Samsung D’light

samsung-tiner-0416In March, I had the unique opportunity to visit Samsung Worldwide headquarters in Seoul, South Korea. An interesting note is that the headquarters are in the Gangnam neighborhood of Seoul. So, along with being able to visit the headquarters, I also was able to do the horse dance in Gangnam. For those tech geeks out there like me, I need to tell a little bit about getting into Samsung. We were required to sign non-disclosure forms for anything we saw (even though we were not going to see anything secret), we had to give up our phones when we were in the headquarters along with any devices (such as USB sticks) that could be used to transfer information. Finally, we were required to wear small pins that said visitor on them. These pins carried RFID tags that allowed us to enter through the security turnstiles. Our host also indicated that they allowed security to know where we were in the building. I was impressed with the tech before I even saw any!

For most of the readers of this column the most relevant part of this experience was the visit to the D’light experience center. This is where Samsung exhibits all of their new and upcoming technologies. It is an interesting opportunity to see and experience all the things you have heard are on their way, but have not seen yet (like a internet connected, remote vacuum cleaner).

samsung-tiner2-0416At the D’light center there were several examples of the uses of digital signage. One of the most interesting for me was the digital signage for fast food style restaurants. I have included some pictures to help put into context what I am writing. The demo had a traditional menu based digital signage behind the counter. This is something that we experience all the time at fast food restaurants like Dunkin’ Donuts and McDonald’s, even here in the US.  However, they were also demonstrating order terminals, unlike ones that I have seen in the U.S. These were large 17-20” touch displays. You could “build” your own sandwich on the display, and order directly from it. Along with seeing what your food would like, you were also given all the nutrition information for the sandwich. Finally, you could pay for the order right there at the terminal with your Droid using Samsung Pay. Hmm… wonder if they also offer Apple Pay?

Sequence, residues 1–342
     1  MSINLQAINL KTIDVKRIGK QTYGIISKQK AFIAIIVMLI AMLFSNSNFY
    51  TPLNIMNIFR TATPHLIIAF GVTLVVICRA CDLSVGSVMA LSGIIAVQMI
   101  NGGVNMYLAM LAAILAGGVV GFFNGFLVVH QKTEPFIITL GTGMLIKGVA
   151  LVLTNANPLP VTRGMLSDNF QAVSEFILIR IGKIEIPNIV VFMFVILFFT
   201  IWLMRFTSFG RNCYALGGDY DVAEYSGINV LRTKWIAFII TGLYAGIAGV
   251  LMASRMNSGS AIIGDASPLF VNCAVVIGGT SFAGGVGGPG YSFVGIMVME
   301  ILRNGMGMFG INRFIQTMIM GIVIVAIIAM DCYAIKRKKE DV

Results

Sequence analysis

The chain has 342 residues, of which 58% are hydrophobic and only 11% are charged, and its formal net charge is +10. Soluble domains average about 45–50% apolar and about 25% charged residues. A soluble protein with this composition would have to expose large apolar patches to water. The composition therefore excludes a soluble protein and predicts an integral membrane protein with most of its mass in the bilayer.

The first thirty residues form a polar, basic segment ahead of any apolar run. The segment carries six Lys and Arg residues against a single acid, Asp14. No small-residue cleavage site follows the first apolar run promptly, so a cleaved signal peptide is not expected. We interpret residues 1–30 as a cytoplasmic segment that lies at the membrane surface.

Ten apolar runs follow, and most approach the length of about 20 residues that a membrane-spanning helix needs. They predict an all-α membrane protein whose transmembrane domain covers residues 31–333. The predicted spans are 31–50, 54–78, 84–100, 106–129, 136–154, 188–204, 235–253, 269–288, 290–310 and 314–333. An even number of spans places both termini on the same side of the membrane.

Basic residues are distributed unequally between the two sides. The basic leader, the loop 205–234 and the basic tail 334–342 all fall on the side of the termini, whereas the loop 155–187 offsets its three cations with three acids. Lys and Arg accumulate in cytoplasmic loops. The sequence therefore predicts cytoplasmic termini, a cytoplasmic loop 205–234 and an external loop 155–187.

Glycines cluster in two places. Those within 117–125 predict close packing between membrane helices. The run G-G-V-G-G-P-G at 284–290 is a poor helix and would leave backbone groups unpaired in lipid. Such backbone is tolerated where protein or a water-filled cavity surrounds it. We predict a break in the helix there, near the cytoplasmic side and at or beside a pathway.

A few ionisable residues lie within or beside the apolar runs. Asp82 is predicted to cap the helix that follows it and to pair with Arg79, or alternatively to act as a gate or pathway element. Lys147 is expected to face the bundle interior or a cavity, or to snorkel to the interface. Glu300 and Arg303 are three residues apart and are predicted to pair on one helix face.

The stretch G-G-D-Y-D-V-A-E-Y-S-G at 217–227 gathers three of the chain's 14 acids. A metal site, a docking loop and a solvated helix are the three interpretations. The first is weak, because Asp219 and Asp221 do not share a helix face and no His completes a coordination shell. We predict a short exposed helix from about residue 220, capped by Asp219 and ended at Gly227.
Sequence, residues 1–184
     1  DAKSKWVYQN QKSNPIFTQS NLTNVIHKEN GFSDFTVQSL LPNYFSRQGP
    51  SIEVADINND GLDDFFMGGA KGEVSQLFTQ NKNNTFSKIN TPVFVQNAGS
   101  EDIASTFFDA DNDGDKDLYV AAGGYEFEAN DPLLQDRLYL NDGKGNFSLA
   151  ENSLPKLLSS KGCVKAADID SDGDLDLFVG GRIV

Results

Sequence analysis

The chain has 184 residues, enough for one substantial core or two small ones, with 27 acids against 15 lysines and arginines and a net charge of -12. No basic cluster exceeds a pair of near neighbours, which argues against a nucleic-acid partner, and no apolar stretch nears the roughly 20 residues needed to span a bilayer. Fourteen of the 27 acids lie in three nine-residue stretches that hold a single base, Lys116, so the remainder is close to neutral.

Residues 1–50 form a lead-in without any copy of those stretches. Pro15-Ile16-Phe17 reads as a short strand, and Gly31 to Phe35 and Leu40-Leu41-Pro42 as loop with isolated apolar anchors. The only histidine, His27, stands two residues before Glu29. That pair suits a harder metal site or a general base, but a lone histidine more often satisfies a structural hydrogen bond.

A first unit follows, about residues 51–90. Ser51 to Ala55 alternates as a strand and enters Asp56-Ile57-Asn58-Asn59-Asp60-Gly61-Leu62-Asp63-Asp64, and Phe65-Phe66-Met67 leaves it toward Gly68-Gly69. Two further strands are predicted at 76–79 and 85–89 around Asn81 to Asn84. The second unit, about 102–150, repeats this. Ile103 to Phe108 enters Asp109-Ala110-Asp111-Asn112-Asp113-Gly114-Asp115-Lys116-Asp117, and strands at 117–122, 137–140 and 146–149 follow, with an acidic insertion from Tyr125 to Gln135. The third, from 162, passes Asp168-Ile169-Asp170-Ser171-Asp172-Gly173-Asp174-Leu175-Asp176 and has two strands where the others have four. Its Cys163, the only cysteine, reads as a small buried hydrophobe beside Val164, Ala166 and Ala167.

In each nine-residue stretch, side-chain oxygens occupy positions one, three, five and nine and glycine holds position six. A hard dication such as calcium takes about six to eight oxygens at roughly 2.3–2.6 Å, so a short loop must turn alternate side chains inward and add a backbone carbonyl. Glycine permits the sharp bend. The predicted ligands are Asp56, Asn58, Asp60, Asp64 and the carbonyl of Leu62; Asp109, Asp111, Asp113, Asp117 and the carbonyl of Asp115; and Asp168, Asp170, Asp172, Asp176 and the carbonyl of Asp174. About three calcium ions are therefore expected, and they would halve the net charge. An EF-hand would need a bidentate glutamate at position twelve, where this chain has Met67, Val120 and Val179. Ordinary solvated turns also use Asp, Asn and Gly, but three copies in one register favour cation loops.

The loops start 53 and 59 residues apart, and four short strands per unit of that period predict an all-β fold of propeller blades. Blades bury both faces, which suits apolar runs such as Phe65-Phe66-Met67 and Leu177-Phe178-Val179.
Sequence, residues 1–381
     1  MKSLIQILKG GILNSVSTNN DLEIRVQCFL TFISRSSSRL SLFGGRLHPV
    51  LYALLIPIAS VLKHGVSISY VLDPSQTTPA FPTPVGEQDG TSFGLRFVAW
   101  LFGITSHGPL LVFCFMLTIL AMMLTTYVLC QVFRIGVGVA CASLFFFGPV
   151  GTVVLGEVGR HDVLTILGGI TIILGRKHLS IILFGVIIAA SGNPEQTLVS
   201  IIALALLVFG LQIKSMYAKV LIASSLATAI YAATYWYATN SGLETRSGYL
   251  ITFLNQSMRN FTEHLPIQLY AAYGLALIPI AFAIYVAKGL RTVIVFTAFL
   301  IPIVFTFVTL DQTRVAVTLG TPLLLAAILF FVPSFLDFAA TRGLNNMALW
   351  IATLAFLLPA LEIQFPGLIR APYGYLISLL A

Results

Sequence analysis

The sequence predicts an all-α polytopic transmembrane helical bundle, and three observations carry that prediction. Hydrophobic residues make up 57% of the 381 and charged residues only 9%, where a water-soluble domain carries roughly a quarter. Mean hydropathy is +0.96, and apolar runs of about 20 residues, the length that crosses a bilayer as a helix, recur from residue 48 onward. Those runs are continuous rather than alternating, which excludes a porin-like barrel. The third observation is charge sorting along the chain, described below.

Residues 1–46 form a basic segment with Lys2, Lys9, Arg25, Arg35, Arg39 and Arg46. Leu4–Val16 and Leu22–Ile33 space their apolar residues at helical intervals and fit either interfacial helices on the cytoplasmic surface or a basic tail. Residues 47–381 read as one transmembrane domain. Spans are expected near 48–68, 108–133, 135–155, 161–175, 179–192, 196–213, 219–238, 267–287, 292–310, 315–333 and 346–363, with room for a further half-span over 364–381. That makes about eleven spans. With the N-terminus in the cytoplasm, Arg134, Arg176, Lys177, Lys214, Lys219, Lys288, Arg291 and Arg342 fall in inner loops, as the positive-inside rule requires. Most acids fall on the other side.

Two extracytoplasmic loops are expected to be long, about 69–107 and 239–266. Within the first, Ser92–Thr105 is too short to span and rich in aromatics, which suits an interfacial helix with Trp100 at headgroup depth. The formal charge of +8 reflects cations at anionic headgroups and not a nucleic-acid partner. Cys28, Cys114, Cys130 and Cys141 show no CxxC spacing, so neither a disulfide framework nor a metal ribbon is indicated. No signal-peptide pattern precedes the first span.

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Whenever I see technology like this I tend to sit back and think about how this offers value for the customer and the retailer.  For the retailer, the value is very clear. Invest in the technology, and if it works properly you can eliminate hourly pay for the regular cashiers who are taking orders. While the technology is very cool and I want to play with it, the real question is what about all the other customers? What does this technology provide that adds value for the customer? I think there are a couple of answers to this question and the retailer can add value to the customer beyond the technology. One solution for this would be for the retailer to take a percentage off the final bill if the customers choose to use the self order system. We know the retailer is saving a lot of money, so why not pass some of this on to the customer? Another solution is to drive the concept to the customer that they are likely to have a more accurate order if they process it themselves. No longer would you have to deal with a kid who had onions on his hamburg when you thought you ordered none. Rather, you could only blame that one on yourself. The second major value add would be the ability to see nutritional information. Being able to make food decisions (such as what dressing you want on your sandwich) based on the calories and fat, is something many customers may be very interested in.

Restaurants (both fast food and sit-down) continue to be an ideal location for digital signage, provided we are adding value for the customer. However, there were several other examples of digital signage in the D’light center that I will be able to write about in the next column. In the meantime, what do you think of the digital signage opportunities for restaurants? Do the technologies I wrote about add value for you? Would you choose to use a self order, or would you still go to a register operated by a person?